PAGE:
Banning cars from College Green will make it a “world class plaza”, a Green Party councillor has claimed.
The decision was made in order to create more space for cyclists, walkers and public transport in College Green and reduce carbon emissions.
Cllr Byrne said it is something the Greens have been “pushing for a really long time” on Dublin City Council and predicted it would be transformational.
“It’s a really important project for the city in terms of reaching our transport climate emissions [targets],” she told Newstalk Breakfast.
“But it’s much more than that, we have to stop framing it as ‘banning cars’ and look at it for what it is - ultimately, creating a world class plaza that we see in cities all over Europe.”
Irish Parking Association Chairman Keith Gavin said the decision would negatively impact business in the city centre.
“The economic impact of it has already been seen,” he said.
“From the introduction of the bus gate, in the space of five years, the footfall figures in the city centre dropped off a cliff and the impact of all of these continuous measures - which are anti-car and anti-motorist - are reducing access to the city centre as a retail destination.”
Cllr Byrne disagreed and described it as “not a massive change” given 97% of traffic in the area is either public transport, cyclists or walkers.
“There is huge public support for it - we’ve seen other countries going in this direction,” she said.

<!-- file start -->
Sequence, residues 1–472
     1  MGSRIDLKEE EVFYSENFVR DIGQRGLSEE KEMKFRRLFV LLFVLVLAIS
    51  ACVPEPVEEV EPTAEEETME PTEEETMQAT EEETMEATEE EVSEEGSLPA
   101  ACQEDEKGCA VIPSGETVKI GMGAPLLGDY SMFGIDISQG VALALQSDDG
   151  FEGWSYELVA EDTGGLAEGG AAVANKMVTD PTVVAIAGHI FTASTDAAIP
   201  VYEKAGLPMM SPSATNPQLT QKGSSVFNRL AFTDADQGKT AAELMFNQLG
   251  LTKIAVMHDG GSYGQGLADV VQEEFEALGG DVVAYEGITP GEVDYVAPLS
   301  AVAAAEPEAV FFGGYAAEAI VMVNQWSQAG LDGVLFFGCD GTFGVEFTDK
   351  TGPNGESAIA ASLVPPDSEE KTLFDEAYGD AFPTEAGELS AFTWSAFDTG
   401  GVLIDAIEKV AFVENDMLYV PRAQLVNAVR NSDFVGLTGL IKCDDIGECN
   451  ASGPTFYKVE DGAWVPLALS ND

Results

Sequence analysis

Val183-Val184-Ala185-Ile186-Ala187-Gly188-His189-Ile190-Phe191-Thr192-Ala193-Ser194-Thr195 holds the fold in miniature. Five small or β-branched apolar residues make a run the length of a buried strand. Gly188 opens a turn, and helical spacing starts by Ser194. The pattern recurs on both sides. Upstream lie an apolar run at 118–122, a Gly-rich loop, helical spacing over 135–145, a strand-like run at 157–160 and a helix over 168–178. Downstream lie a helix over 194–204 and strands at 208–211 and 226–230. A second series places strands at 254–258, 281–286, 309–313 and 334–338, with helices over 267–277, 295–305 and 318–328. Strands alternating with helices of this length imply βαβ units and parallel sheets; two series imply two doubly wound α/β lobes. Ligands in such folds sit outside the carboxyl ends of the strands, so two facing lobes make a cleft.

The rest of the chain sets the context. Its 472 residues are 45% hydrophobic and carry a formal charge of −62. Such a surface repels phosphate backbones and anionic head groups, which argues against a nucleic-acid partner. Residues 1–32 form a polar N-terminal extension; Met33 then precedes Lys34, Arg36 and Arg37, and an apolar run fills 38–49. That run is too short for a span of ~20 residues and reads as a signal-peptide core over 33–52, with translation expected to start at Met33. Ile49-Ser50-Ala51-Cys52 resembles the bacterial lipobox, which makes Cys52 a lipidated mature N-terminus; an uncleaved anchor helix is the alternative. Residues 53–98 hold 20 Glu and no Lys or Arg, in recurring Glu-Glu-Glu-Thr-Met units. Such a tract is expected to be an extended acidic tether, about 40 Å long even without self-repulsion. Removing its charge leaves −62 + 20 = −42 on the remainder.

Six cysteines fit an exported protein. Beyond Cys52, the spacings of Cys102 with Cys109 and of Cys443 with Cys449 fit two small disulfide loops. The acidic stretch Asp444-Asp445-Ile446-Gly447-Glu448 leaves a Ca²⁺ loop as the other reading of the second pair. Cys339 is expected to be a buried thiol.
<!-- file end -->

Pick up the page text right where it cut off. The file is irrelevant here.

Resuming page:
“Look what’s happened in Paris, in London, in New York and they haven’t seen a massive impact in terms of retail in the city.
“In Dublin, at the moment, we’re back to pre-COVID levels almost.”
Mr Gavin countered that those cities have a “very effective public transport network” - something Dublin lacks.
“That is changing,” Cllr Byrne said.
“There are unprecedented levels of investment going into public and active transport under Green Party Minister Eamon Ryan and we’re seeing public transport usage go up again over the last while since we reduced fares.
“There is a lot of work to do, I do accept that, but that work is ongoing at the same time.”
The ban on private cars is due to come into effect at the end of the month.
Main image: The Luas tram passes in front of Trinity College Dublin at College Green. Picture by: Alamy.com